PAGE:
And we had become good friends. We shared our hopes and ambitions, and stories about our budding careers in the business. We ate breakfast routinely at the Omelette Parlor in Santa Monica. We flirted with the waitresses. We talked about all our favorite movies and television programs. We had the same all-time favorite TV show; The Outer Limits. We were only two months apart in age. You were almost purely visual. I was all story. It was a collaborative match made in Hollywood Heaven.

And then, I fucked it up by giving our lottery ticket back.

I don’t know what came over me. Integrity? Ethics? Arrogance? Stupidity? All of the above? I guess it doesn’t matter.

What matters is that I’m sorry. I know it must have seemed like a betrayal at the time, but it had nothing to do with you. It was all me, being a little selfish, and trying to show a buddy and a budding writer that we writers don’t have to compromise our principles.

I’m not apologizing because I’m in “The 12-Step Program”, or, like the character in My Name Is Earl I have a list of people I need to mend fences with to restore my good karma. Well, okay, maybe it’s a little bit of that.

But I really do mean it.

And I really did like the script you showed me when we were hanging out as friends. You were a little unsure about the writing on the script, but you had total confidence in your ‘vision’ of the script. You carried around this drawing with the script of a half-machine, half man with the top of his head and an eye and his legs blown off, dragging himself across the floor relentlessly still in pursuit of someone to kill them. You called it, The Terminator.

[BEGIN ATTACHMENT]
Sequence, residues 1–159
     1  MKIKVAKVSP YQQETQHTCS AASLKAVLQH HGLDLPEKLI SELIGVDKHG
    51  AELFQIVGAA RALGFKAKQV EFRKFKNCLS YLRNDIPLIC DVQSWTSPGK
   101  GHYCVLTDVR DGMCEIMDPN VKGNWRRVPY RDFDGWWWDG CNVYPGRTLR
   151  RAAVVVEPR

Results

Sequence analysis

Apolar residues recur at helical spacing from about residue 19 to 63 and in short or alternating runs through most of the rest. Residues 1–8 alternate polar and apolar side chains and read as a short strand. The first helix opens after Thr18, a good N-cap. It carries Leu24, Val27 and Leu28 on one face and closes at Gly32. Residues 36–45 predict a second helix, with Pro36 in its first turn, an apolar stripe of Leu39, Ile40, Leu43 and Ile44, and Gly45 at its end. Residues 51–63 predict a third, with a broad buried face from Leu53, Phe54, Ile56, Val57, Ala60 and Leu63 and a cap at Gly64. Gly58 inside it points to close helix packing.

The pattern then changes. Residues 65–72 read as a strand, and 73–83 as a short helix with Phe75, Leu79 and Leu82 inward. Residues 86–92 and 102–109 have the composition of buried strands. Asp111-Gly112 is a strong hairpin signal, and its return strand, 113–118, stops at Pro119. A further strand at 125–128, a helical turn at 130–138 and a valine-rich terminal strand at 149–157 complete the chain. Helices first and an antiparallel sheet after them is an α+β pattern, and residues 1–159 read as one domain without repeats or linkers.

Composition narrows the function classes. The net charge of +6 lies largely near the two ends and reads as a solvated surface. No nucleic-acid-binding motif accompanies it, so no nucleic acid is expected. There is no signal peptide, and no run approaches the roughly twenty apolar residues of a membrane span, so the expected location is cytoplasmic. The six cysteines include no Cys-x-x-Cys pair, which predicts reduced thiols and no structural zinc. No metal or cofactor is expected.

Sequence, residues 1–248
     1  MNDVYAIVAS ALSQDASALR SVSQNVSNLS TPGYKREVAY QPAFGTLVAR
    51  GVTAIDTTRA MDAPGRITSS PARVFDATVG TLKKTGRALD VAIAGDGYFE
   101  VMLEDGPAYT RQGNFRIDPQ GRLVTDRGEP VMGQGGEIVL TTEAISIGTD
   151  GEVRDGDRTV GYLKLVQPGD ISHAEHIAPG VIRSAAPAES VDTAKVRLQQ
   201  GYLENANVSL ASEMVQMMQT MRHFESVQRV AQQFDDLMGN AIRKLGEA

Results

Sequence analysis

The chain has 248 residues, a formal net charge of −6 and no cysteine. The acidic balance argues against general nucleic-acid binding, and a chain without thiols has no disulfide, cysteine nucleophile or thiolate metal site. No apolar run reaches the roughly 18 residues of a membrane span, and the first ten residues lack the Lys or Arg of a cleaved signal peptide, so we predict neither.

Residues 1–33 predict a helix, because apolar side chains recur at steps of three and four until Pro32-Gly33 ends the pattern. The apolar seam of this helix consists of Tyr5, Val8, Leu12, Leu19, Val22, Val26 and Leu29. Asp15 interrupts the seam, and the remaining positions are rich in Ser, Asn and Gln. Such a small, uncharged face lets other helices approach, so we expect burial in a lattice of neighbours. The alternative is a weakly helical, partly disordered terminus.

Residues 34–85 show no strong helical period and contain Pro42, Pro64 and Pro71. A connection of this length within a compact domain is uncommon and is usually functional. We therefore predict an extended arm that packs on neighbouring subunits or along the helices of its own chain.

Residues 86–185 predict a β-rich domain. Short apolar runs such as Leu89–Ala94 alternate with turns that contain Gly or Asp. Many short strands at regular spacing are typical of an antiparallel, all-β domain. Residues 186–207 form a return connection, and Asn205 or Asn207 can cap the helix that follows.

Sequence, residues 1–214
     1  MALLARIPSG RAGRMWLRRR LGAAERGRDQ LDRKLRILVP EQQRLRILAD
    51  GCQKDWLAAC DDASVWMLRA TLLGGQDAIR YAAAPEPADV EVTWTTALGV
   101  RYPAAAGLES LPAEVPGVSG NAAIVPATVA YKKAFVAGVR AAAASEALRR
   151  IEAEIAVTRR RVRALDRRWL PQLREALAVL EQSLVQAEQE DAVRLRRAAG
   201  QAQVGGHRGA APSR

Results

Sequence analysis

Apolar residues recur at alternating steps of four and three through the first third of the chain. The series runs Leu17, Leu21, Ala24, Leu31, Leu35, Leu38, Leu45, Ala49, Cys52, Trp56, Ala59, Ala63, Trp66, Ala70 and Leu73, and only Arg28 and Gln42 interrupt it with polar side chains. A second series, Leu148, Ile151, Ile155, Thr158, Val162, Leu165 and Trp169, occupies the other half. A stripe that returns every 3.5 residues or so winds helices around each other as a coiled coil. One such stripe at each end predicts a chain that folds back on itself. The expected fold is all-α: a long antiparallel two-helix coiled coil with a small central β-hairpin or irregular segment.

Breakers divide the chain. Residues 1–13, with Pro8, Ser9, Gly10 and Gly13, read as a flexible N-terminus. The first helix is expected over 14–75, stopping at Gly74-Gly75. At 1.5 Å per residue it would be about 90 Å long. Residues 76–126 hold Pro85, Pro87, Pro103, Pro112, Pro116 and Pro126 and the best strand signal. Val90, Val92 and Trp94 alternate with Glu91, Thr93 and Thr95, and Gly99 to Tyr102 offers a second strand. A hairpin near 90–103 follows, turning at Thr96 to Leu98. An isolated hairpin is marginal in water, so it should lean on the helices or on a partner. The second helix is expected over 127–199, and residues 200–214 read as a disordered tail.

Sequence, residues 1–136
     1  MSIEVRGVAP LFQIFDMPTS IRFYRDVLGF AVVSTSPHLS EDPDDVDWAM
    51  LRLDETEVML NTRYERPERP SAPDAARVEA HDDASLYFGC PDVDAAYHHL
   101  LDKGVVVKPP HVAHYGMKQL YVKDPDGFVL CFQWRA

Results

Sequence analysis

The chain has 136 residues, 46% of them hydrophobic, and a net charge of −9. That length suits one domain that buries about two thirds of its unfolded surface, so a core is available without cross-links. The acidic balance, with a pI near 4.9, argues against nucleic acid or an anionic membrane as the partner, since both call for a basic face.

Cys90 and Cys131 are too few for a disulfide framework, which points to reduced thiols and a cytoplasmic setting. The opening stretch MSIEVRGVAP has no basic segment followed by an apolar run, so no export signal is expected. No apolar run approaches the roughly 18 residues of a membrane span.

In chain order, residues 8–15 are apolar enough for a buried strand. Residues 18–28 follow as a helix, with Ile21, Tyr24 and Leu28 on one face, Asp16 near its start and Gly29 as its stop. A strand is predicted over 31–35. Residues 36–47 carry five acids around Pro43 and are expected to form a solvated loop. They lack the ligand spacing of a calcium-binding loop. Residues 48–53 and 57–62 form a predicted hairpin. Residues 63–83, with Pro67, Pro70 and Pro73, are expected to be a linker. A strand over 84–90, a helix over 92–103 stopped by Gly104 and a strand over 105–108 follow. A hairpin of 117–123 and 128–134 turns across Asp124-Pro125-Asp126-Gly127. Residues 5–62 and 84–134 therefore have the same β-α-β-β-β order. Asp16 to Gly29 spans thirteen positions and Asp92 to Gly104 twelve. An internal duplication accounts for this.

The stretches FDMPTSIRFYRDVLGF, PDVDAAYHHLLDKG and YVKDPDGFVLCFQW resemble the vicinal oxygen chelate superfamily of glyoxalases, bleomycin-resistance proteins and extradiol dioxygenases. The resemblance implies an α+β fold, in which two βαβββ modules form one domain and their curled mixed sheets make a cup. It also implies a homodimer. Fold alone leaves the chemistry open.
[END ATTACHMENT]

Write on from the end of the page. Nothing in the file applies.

Whatever happened to that script?

I got frustrated with life in Hollywood after about 50 scripts written, 12 sold, and none of the major studio ones produced, and took my beautiful wife and left Hollywood forever to start a family in a normal environment somewhere else and never looked back.

But I’m still sorry about the $100,000.

And I wonder. How did things work out for you?

— A. Wayne Carter

M-m-my generation

Friday, September 4th, 2009